Prioritizing usability problems: data-driven and judgement-driven severity estimates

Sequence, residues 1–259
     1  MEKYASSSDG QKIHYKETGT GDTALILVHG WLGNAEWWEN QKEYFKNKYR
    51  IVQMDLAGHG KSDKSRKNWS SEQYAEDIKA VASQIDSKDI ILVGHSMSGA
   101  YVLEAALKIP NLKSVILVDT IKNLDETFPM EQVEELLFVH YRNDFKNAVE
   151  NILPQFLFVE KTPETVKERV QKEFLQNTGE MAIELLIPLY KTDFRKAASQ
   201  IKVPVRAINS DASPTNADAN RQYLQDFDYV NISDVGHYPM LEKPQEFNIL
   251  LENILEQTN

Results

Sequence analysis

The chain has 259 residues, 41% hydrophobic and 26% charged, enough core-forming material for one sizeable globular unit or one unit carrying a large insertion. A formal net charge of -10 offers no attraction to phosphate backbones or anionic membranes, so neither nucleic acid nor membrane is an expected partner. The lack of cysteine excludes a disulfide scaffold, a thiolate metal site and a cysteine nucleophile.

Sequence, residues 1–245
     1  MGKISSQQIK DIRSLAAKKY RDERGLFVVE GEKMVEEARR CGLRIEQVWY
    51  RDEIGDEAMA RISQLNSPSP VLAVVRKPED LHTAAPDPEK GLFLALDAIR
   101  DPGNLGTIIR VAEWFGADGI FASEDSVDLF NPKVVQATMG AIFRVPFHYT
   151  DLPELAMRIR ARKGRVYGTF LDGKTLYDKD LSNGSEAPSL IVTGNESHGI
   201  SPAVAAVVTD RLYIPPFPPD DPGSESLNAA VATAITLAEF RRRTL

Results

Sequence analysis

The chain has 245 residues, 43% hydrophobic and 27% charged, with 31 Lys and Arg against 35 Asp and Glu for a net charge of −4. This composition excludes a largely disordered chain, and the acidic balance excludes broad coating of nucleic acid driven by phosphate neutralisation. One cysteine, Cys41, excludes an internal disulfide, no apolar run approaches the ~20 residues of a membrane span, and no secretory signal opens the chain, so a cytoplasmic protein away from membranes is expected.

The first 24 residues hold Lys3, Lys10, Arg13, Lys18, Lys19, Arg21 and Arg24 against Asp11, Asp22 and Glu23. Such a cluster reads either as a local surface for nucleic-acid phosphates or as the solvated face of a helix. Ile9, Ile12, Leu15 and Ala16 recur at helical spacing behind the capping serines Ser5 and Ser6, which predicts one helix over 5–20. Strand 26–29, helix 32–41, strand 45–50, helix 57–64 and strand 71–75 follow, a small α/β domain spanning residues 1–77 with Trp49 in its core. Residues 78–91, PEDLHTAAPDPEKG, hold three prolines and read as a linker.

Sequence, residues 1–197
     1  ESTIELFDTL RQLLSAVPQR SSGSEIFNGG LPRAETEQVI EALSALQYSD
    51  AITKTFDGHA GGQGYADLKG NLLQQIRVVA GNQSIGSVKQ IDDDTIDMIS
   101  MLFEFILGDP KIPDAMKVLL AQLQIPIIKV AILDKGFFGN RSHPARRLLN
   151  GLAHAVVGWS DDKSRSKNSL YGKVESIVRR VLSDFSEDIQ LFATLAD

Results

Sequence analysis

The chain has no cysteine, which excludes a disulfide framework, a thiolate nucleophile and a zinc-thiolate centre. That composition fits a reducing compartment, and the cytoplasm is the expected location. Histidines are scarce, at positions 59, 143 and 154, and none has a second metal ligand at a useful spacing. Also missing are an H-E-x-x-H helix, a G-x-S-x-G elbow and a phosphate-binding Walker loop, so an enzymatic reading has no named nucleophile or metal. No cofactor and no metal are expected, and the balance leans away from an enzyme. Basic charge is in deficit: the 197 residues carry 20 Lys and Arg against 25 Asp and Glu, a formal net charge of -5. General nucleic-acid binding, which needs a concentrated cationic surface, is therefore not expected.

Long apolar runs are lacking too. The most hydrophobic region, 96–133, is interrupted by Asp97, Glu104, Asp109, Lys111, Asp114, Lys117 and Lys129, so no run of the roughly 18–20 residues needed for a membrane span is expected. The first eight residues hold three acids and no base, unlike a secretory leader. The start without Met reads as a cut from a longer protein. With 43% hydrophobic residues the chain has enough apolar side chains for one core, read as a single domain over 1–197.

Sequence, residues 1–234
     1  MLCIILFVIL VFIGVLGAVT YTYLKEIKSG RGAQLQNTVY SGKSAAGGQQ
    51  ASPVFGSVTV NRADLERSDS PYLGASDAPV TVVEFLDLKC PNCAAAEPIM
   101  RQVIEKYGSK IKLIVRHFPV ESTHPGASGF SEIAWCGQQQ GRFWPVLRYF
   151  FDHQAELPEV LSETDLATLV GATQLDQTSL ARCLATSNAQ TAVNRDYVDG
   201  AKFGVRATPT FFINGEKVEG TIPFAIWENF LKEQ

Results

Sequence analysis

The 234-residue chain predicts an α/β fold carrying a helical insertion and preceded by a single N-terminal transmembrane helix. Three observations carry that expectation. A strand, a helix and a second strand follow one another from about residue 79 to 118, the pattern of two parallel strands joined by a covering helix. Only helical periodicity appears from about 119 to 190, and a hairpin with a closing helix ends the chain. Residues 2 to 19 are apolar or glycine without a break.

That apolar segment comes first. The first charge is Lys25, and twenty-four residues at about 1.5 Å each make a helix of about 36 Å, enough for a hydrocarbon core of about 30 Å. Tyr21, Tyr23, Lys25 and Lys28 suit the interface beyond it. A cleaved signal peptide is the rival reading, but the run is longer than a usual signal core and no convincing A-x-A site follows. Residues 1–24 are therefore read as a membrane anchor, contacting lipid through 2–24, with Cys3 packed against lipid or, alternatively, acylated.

Software-ergonomic system analysis often reveals numerous usability problems. Given that system design suffers from limited resources, the prioritization of usability problems seems inevitable. Surprisingly enough, prioritization is not in the focus of scientific interest. Within this paper, approaches to prioritization relying on severity estimates will be presented. Two of the approaches, namely priorities based on data about the impact of a problem (data-driven) and priorities based on judgements of interest group members (judgement-driven) will be further explored. In the data-driven approach total problem-handling time caused by a usability problem is presented as a measure of severity. The major disadvantage of the data-driven approach is its costs. A possible alternative are severity estimates based on judgements by members of involved interest groups. The first of two studies shows how to obtain judgement driven severity estimates and reveals a fundamental lack of correspondence between data-driven and judgement-driven severity estimates. The second study supports the notion that the lack of correspondence may stem from a difference between assumptions of the data-driven approach and the naive judgement model of interest group members in the judgement-driven approach. A hypothetical model for severity estimates by interest group members is presented.